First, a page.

You are naive to let your opinion be mediated by the government and the media. You know how this stuff works, yes? A story will only be published or broadcast if it is considered ‘newsworthy’. (As it happens, I am currently staying with a British-Pakistani journalist in Islamabad, so I’ve witnessed this first-hand – not all of the stories he pitches are accepted by his channel, depending on factors as varied as how much airtime they have, how slow news is in the rest of the world, and what sort of image they want to convey of Pakistan.) If, for example, a poll showed most Pakistanis think the UK and the US are pretty much OK really, but are much more interested in paying the bills on time and making sure their kids do their homework, do you think it would make headlines? Of course it wouldn’t.
You are naive to conflate ordinary people with their government, and even more naive if you actually believe that the domestic and foreign policy of a country accurately represents the interests and opinions of its people. Just look at what’s been going on in the UK for the past two years.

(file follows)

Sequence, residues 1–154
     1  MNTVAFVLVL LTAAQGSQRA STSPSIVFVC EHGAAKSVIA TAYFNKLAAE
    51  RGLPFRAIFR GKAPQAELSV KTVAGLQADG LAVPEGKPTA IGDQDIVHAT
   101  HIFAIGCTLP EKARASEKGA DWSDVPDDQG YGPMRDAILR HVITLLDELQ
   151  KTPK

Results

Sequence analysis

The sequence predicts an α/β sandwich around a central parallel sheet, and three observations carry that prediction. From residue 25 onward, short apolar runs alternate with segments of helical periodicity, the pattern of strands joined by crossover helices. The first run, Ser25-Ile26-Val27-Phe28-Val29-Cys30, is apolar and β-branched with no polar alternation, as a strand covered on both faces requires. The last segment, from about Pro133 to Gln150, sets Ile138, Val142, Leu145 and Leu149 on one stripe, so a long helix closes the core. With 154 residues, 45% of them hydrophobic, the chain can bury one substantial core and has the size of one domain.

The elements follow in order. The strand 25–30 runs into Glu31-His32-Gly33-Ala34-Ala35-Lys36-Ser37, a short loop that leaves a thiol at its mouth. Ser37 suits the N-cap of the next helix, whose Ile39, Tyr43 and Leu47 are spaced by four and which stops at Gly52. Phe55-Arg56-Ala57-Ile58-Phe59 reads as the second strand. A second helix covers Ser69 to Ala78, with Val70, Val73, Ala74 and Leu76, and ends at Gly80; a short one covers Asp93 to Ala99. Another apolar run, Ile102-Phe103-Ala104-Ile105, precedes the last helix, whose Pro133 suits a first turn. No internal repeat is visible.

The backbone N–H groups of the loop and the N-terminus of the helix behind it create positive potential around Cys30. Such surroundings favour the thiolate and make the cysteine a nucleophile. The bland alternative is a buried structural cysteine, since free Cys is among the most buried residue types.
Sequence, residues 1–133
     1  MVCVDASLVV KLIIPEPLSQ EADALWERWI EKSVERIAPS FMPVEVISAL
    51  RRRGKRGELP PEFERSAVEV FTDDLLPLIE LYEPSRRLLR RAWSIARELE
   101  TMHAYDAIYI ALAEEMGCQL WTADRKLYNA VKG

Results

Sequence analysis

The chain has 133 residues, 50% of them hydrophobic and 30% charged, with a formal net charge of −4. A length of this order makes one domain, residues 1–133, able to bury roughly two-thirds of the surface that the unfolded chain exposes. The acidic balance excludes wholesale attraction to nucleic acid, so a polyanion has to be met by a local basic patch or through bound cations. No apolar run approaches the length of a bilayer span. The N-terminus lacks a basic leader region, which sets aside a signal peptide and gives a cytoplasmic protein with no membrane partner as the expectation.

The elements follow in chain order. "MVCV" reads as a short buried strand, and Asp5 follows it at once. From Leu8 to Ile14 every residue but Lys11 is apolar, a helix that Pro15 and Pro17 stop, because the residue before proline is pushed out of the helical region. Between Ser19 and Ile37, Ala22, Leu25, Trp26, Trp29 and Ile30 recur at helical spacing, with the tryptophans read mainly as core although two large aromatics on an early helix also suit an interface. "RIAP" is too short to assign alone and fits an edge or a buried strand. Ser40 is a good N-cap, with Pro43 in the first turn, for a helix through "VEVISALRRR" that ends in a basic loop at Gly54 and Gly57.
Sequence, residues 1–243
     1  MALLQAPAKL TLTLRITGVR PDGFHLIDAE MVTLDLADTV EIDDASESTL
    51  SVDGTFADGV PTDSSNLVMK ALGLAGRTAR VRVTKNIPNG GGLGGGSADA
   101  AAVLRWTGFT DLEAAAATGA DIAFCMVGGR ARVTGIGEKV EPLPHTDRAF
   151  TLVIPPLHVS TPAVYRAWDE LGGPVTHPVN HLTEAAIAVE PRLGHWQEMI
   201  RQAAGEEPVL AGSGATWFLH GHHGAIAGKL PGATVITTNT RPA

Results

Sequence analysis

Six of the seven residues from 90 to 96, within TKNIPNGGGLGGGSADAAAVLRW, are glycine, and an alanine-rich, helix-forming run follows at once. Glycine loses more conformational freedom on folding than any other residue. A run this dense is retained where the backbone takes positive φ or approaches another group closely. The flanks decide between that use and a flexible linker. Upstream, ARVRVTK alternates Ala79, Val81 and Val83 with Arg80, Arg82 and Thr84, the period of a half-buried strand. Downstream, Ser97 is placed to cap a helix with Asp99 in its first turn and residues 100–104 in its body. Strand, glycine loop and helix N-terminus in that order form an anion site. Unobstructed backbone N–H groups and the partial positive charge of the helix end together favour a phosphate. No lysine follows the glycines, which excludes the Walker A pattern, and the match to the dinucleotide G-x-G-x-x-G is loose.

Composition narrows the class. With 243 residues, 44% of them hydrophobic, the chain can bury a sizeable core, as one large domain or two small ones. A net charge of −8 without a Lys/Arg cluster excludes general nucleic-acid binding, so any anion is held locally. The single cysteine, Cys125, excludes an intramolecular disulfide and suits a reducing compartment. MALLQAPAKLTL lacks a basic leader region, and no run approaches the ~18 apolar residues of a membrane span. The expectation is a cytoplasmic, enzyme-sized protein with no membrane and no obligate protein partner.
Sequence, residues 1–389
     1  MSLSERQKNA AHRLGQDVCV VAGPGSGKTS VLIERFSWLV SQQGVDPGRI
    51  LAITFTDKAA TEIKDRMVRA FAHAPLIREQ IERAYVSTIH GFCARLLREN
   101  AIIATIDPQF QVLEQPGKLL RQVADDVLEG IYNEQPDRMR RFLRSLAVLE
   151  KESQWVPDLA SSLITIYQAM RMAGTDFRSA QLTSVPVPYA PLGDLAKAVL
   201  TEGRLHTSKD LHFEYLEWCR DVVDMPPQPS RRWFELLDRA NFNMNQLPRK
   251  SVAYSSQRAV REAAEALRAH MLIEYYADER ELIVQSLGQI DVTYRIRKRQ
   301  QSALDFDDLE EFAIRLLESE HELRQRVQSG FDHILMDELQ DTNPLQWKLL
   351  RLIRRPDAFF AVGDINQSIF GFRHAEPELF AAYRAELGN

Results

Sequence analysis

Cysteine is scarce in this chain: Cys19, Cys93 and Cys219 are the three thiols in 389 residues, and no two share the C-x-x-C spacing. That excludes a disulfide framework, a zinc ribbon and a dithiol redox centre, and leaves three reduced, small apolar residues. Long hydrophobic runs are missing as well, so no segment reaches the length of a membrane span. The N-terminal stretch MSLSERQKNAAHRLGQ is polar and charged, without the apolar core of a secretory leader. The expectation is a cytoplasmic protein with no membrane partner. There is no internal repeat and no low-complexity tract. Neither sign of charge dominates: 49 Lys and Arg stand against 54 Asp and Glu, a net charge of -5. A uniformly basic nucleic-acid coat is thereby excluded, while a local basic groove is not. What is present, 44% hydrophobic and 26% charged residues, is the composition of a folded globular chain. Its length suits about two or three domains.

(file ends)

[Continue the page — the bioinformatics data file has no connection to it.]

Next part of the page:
You are naive – and rude – to dismiss the hospitality I have received throughout Pakistan (including no-go areas like Balochistan) as“sweet nothings” and “polite platitudes”. I have spent over two months in the country, spoken with hundreds of Pakistanis, and not spent a single night in a hotel or guesthouse. People have shared their food with me, given me presents, introduced me to their families, invited me to their weddings and thrown parties in my honour. (I asked myself time and time again – “would this happen to a Pakistani travelling in the UK?”) My hosts in Quetta were so embarrassingly generous that I ended up leaving the city with more money than I arrived. When I was ill in Chichawatni my host made sure I wanted for nothing, and my previous and future hosts all phoned up every couple of hours to check I was OK. My hosts in Lahore went to considerable trouble and expense to source me a new cycling jersey from London, after my old one was torn by their dog. A man I’d never met happily offered to lend my father a bike when he visited, and when I went round to collect it he fed me lunch, gave me a lift back to my hosts’ house, and invited me to a family wedding taking place that evening. When I am cycling between cities, the highway police regularly stop me to ask if everything is OK, and are unfailingly polite and friendly. Between Jhelum and Rawalpindi, some of them even insisted on buying me a bag of drinks and snacks.